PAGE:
Thursday, August 19, 2010

rna arms race?

The Scientist | Do parasites use their own microRNAs to hijack host cell pathways? RNA silencing, which fine tunes up to 30% of genome during development,1 also plays a major role in innate antiviral and antibacterial defenses in plants, insects, and animals. But the sword cuts both ways, with bacteria and viruses undermining the host’s microRNA (miRNA)-based defenses to allow their own successful replication. For example, the hepatitis C virus appears to control a host miRNA to promote its own replication,2 and in plants, the bacterium Pseudomonas syringae interferes with host processes that normally suppress bacterial replication by using a bacterial E3-ubiquitin ligase to degrade a host miRNA.3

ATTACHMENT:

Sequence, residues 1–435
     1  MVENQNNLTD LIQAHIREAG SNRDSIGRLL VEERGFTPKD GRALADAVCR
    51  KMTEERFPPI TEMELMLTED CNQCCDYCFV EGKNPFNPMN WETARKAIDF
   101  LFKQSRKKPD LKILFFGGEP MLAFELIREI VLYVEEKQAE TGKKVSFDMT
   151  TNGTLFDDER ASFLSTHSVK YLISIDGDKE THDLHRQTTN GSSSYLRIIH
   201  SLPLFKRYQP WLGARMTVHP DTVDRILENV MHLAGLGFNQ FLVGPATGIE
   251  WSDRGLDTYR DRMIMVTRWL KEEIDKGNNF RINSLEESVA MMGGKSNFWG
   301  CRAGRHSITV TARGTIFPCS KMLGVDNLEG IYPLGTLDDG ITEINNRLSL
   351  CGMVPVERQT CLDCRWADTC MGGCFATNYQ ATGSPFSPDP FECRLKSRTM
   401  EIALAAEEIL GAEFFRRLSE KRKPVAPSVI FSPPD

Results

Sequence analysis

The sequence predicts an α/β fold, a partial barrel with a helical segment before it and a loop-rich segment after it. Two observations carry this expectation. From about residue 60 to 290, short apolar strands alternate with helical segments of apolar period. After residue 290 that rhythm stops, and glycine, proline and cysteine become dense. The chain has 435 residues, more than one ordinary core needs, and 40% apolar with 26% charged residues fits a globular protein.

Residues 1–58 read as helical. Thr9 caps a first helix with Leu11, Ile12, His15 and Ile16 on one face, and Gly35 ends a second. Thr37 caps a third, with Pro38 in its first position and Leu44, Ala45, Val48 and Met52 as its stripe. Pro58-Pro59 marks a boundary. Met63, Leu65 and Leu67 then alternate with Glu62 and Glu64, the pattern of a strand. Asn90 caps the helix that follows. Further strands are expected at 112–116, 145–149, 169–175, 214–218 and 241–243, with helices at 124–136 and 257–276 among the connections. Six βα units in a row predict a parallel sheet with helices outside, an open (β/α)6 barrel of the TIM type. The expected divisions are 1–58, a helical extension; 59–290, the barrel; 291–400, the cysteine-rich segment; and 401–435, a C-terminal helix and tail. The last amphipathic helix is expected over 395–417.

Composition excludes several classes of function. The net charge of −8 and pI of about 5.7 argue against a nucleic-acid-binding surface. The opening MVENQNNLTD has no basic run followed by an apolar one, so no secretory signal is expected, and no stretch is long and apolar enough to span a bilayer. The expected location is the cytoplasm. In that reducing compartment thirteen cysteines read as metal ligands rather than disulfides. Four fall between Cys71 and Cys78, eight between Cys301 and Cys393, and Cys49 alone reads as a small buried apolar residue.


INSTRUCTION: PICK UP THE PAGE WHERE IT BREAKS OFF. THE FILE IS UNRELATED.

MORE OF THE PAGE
New research is pointing to ways that the host cell mobilizes its miRNA machinery to fight intracellular eukaryotic parasites in addition to bacteria and viruses. The results offer the possibility that parasites may have developed tactics to use these defenses to their advantage, remarkably by using their own small RNA.